Silent crowd

Last year I looked wistfully at pictures of Tessa’s birthday beach party, an annual event, on facebook, while sitting at my little China-made desk in my bedroom of house 33 in Karte seh in Kabul, Afghanistan.

I saw pictures that needed an explanation: people in weird poses on our kitchen floor, everyone with a headset on. Axel explained: this was silent disco; they were dancing to wicked good music. A friend of Tessa and Steve is a sought-after disc jockey on the Boston club scene. He graciously offered to come and DJ at her party last year, bringing lots of headsets so the neighborhood wouldn’t know that a disco party was going on. He did so again this year and I got to be in it rather than looking in from the outside.

Whoever came up with the silent disco idea is a genius. If you take your headset off there is no music. And so you can dance on loud music if you want, alone or with others, and if you want to have a conversation you simply take the headset off. I thought of our conversations yesterday about insights and innovation: someone made an “either/or” into an “and/and.” You can have your cake (loud music) and eat it too (have a conversation), AND all this without pissing off the neighbors.

Axel had been dreading the party a bit – in litigious America having 30 to 40 young people on your property, mix in much beer and stronger stuff that slips in unnoticed, along with random people you don’t know is a risky thing. Besides, his recliner is in the living room. Tessa responded very wisely to these concerns by telling her friends to bring a tent or sleeping bag and stay the night and not allowing strangers to tag along with friends, unless explicit permission was provided by her (in case of new partners).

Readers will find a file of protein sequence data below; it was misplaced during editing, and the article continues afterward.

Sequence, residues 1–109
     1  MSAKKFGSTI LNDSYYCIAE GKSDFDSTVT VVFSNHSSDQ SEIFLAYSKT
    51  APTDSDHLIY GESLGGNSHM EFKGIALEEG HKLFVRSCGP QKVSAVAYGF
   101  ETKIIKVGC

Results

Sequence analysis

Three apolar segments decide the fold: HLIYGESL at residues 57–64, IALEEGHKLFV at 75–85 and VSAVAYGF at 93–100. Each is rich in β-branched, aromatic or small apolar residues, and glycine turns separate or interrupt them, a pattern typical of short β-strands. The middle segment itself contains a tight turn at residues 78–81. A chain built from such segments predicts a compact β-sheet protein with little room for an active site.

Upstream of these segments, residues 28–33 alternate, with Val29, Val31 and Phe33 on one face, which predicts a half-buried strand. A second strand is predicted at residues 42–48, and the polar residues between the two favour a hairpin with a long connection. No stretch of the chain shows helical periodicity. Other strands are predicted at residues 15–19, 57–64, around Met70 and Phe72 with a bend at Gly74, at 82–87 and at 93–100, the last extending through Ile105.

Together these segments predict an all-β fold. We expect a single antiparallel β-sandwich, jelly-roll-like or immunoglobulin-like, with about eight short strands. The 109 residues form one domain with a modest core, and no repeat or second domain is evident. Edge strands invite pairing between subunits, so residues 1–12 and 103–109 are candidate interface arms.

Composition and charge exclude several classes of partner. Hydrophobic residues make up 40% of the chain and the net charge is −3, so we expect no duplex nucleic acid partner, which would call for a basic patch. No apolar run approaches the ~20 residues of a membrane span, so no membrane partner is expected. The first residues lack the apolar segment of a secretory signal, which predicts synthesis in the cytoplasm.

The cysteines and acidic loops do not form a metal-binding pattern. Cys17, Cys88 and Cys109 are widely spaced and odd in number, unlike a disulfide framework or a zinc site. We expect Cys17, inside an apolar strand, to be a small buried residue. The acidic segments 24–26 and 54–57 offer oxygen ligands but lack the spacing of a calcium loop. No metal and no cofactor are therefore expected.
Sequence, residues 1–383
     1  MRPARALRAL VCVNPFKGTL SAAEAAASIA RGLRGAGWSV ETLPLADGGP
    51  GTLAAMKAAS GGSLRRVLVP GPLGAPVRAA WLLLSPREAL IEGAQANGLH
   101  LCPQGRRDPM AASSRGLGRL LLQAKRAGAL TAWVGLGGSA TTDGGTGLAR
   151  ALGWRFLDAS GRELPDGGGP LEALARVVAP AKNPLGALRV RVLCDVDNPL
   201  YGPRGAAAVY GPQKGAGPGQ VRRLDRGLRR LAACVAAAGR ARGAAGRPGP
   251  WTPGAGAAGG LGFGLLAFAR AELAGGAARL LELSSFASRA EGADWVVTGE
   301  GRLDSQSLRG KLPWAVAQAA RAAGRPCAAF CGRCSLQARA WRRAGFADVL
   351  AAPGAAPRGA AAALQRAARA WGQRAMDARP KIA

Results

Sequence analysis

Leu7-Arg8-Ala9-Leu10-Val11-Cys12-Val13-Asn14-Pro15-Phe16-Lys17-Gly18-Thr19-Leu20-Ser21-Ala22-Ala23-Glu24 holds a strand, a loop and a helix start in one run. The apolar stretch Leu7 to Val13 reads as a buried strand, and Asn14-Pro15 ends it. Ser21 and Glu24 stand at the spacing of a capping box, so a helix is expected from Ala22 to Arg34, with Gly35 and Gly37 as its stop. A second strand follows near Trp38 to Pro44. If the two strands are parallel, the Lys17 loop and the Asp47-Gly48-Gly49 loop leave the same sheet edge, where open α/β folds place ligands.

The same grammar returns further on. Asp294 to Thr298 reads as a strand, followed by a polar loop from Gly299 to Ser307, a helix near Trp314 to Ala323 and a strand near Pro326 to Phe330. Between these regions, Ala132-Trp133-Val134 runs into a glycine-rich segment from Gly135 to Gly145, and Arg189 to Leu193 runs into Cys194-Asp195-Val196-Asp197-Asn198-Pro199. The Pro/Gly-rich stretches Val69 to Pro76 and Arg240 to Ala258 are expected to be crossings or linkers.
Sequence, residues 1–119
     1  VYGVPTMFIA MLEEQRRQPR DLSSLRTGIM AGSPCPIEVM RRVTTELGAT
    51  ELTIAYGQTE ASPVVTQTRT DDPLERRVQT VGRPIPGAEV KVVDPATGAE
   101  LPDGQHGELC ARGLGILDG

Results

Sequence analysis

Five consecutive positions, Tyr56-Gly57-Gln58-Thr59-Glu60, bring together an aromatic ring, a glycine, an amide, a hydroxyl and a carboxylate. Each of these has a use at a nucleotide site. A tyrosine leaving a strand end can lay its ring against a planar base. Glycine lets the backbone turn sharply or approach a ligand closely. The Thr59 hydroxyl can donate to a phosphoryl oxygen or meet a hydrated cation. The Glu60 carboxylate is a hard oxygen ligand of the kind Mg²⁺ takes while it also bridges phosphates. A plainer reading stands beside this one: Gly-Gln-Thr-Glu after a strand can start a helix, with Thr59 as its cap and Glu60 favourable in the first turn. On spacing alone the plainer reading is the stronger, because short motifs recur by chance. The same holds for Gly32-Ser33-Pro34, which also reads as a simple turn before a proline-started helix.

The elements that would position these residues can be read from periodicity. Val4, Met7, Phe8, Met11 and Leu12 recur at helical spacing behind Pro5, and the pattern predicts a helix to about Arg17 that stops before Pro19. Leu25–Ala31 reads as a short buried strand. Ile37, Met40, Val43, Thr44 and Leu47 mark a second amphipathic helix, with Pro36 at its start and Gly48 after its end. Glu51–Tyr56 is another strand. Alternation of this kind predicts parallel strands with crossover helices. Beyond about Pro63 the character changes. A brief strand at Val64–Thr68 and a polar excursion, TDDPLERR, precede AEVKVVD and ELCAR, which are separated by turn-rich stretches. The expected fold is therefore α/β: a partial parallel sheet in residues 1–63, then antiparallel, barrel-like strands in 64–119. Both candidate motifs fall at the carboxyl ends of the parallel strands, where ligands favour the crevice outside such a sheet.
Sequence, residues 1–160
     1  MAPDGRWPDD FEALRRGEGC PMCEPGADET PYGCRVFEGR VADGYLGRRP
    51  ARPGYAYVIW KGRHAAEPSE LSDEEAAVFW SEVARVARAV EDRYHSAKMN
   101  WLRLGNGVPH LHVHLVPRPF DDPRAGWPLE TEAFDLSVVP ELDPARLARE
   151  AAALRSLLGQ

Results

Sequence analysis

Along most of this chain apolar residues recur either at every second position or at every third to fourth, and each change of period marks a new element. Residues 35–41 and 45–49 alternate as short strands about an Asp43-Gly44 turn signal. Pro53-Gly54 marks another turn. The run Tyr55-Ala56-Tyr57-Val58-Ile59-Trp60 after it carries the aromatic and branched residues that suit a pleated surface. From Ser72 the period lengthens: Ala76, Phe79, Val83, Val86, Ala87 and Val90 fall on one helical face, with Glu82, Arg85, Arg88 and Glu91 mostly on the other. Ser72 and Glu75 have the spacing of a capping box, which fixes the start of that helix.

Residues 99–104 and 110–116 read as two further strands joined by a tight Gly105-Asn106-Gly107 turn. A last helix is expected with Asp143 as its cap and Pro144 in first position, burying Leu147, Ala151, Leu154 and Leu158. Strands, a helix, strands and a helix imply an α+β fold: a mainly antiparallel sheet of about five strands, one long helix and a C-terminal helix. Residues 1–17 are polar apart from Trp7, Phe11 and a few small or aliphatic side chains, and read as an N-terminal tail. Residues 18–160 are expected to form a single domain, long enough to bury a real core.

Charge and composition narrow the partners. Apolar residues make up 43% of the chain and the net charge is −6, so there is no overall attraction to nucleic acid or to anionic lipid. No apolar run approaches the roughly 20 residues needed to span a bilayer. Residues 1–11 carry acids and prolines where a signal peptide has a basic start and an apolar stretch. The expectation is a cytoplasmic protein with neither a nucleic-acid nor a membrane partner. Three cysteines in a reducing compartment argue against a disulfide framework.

By looking out of the window I can see, judging from the number of cars still on our property, that many heeded the suggestion of staying for the night. Those who left will miss out on one of the best experiences Lobster Cove can offer: waking up on a sunny Sunday morning and then have Tessa and Steve cook a hearty breakfast and eat it on the beach.

Tessa also had some strong young men take the recliner up to our bedroom. And so we are for the first time in nearly a month sleeping in the same room again. This vacated the living room and made it, with all the other rooms downstairs available for overnighters without a tent: there are couches and Afghan carpets, and, after a brief inspection this morning, there are people using them.

We did not last very long into the night – we are after all more than double the age of most – but we had a great time hanging out around the fire and then dancing with our head phones on. Our daughters have wonderful friends. They are in a stage of life where engagements, weddings and jobs are the subject of most conversations. There were serious talks about getting, having and leaving jobs, or mates for that matter; and wistful conversations about travelling (they had done, or wished they had done).

But they also wanted to know about us, with lots of questions about Axel’s arm in the sling, why the rotator cuff operation, why Afghanistan, the plane crash. Some were actually following my blog and knew a lot about our lives. At times Axel started to talk about something we did, and was greeted with the words, “oh, we know all about that already!” But some things don’t go in the blog and so there remains much to talk about.

It is Sunday morning now and, after a brief inspection of the after-party debris, I went back upstairs to reminisce about my 27th summer which took place in Beirut, 33 years ago. I realized that some things don’t change. I too was in the middle of a transition then, of both jobs and mates and about to start on the trip of a life time, with Axel, to Afghanistan.

1 Response to “Silent crowd”


  1. 1 Carol Sawyer July 10, 2012 at 8:50 pm

    Sylvia, it is such a joy to read this blog and have news of your family and life. Bellagio in September!!! How wonderful. Like Andre’ and Mili, I find that the most perfect place to visit. Wonderful for Sita and Baby Faro to have you along.
    Next week I will be in San Francisco for B-K Publishing’s special celebration. Take a look online at the details for July 20th; this is just the kind of event you would love so much, and to which you would contribute so much. You are much admired! Hugs to Axel and all your family. Carol Sawyer


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